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HHS Responds to Calls to Protect Private Medical Records from Being Used Against Those Seeking or Providing Lawful Reproductive Healthcare

On April 12, 2023, the U.S. Department of Health and Human Services (HHS), through its Office for Civil Rights (OCR), issued a Notice of Proposed Rulemaking (NPRM) to strengthen Health Insurance Portability Accountability Act (HIPAA) Privacy Rule protections. The proposed rule is specifically aimed at prohibiting the use or disclosure of protected health information (PHI) to investigate or prosecute patients, providers, or others involved in legal reproductive healthcare, including abortion care. This action comes in response to calls from patients, providers, and organizations that represent thousands of individuals that this change is needed to safeguard patient-provider confidentiality and prevent the use and disclosure of private medical records to prosecute people for seeking, obtaining, providing, or facilitating lawful reproductive healthcare.

After the Supreme Court’s decision overturning Roe v. Wade, President Biden signed Executive Order 14076, which directs HHS to strengthen the protection of sensitive information related to reproductive healthcare services and patient provider confidentiality. The NPRM is in line with this Executive Order and coincides with the third meeting of President Biden’s Task Force on Reproductive Healthcare Access. The aim is to protect women’s access to reproductive healthcare.

The proposed rule is meant to safeguard the trust between patients and providers and ensure that private medical records will not be disclosed and used against those seeking lawful care.

The NPRM includes safeguards that have been designed to help protect women who receive legal reproductive healthcare in a state where there are no restrictions, from being prosecuted by a state that has placed restrictions on abortions and other types of reproductive health. The proposed rule also shields women and providers located in a state that has placed restrictions on reproductive healthcare, so long as the care they receive or provide is permitted by state and federal law. For example, state prosecutors cannot attempt to access an individual’s PHI, if that individual has complied with the state’s eight-week abortion ban.

HHS is also taking action to provide clarity to healthcare providers and patients with the submission of this NPRM. The proposed rule defines but does not limit reproductive healthcare to include: prenatal care, abortion, miscarriage management, infertility treatment, contraception use, and treatment for reproductive-related conditions such as ovarian cancer. Furthermore, the OCR has stated that noncompliance with the proposed rule will become an enforcement priority.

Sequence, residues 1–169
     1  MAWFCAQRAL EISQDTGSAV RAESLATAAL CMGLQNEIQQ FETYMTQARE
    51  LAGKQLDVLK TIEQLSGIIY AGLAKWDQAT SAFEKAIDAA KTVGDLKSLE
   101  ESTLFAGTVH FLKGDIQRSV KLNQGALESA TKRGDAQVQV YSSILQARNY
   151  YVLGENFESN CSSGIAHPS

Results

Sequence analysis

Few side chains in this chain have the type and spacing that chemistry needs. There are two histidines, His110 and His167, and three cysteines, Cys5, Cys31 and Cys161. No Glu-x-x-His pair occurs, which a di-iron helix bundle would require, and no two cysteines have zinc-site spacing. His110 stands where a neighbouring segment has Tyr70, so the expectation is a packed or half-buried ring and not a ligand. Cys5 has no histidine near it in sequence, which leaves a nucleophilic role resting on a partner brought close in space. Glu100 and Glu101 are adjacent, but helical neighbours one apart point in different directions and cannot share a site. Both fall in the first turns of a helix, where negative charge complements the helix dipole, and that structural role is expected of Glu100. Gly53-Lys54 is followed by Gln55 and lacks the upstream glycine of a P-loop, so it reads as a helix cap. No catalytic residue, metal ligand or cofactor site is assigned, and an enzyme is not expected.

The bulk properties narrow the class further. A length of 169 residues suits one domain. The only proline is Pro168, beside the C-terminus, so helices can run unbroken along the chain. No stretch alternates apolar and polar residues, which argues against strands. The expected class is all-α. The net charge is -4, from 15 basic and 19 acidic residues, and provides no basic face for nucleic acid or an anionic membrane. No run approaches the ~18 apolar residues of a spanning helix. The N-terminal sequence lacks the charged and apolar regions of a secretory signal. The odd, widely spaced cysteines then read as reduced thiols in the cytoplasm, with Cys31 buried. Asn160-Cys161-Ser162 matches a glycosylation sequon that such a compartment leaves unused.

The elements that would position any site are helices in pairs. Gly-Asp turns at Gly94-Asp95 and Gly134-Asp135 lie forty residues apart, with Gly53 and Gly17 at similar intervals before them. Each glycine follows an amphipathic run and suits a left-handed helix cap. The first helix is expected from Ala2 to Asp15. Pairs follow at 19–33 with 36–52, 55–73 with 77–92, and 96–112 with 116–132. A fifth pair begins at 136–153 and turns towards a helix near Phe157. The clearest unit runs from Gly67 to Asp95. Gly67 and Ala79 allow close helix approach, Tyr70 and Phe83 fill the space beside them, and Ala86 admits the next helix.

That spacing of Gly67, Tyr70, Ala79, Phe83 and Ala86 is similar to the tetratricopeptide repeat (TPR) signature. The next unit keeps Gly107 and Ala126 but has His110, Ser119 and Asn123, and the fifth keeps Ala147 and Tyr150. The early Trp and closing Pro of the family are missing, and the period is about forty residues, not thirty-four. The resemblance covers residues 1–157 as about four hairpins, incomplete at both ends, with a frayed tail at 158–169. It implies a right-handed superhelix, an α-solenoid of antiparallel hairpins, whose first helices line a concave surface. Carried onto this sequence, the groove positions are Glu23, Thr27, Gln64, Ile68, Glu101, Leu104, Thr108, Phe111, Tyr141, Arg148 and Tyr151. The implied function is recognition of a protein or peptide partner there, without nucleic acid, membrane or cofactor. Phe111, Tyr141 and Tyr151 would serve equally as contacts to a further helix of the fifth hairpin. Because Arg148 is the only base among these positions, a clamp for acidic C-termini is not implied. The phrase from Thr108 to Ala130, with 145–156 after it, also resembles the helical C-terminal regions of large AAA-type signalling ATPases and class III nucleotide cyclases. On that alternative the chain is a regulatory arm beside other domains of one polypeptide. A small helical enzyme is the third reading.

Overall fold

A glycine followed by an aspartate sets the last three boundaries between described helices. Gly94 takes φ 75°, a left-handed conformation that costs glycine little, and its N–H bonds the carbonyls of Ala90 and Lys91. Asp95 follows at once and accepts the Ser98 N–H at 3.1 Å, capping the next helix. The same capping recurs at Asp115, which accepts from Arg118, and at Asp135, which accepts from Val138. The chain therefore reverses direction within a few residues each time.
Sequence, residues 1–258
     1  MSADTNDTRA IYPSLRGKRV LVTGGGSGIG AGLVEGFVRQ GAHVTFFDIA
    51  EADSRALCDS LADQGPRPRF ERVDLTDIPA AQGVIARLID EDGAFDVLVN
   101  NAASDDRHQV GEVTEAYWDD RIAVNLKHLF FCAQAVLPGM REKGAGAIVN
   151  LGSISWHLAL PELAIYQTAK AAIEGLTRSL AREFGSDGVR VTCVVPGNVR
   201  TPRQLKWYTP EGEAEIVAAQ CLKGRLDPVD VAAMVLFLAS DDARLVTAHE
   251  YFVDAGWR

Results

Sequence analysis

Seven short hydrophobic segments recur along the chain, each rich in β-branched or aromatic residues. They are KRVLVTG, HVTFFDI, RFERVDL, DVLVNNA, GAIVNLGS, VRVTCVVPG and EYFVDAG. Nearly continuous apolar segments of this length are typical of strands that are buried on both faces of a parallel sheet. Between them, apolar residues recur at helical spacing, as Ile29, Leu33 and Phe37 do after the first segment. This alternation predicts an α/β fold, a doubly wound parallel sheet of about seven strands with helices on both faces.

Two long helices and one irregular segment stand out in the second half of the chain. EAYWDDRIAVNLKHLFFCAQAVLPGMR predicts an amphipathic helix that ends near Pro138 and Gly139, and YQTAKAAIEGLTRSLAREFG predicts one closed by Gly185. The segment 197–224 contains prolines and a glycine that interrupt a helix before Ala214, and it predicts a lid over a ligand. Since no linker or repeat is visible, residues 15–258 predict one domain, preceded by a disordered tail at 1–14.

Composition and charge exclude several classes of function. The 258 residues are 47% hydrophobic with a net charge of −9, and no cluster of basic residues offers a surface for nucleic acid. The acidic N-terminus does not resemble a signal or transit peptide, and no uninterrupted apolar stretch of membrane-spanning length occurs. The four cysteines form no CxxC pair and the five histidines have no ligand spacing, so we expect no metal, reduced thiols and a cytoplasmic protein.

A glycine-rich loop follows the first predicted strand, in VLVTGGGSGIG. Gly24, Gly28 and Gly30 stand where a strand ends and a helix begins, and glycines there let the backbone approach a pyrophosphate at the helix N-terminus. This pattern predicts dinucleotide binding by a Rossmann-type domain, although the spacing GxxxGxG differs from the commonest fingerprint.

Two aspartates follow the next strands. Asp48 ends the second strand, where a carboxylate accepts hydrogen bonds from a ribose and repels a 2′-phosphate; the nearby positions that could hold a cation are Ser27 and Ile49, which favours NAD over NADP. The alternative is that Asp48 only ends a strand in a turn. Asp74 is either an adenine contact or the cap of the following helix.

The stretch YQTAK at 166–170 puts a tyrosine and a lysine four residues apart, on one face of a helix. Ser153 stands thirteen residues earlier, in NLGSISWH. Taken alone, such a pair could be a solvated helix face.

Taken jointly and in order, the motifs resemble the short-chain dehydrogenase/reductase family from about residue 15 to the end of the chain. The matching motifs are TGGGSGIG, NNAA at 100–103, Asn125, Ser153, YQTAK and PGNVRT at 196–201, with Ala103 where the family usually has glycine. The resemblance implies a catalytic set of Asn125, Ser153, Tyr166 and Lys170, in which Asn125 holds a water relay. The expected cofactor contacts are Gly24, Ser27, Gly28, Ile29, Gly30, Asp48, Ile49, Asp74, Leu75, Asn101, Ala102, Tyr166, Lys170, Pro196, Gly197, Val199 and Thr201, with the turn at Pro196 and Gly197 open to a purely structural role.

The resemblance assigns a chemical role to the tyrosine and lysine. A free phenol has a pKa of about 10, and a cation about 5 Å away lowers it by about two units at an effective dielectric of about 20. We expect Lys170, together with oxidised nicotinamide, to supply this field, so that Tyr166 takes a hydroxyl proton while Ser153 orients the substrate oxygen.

While the proposed rule provides clarity and extends privacy protections, it does have its limitations. The rule will only apply to covered entities as defined by the HIPAA rules 1) health plans, 2) healthcare clearinghouses, and 3) healthcare providers who electronically transmit any health information in connection with transactions from which HHS has adopted standards. Furthermore, if a state wants to investigate or prosecute an individual or provider, they can use other methods to gather evidence, such as search histories, text messages, and geo-location tracking. The proposed rule only protects PHI.

While HHS is undertaking the rulemaking, the current Privacy Rule remains in effect. Under the existing Privacy Rule, it is permitted but not required to make certain disclosures to law enforcement and others, subject to the specific conditions.

The NPRM can be viewed at:

A link to the fact sheet from OCR can be found at:

OCR guidance on disclosure of reproductive healthcare information:

© Copyright 2023. The views expressed herein are those of the author(s) and not necessarily the views of Ankura Consulting Group, LLC., its management, its subsidiaries, its affiliates, or its other professionals. Ankura is not a law firm and cannot provide legal advice.


healthcare & life sciences, healthcare compliance, healthcare operations, memo

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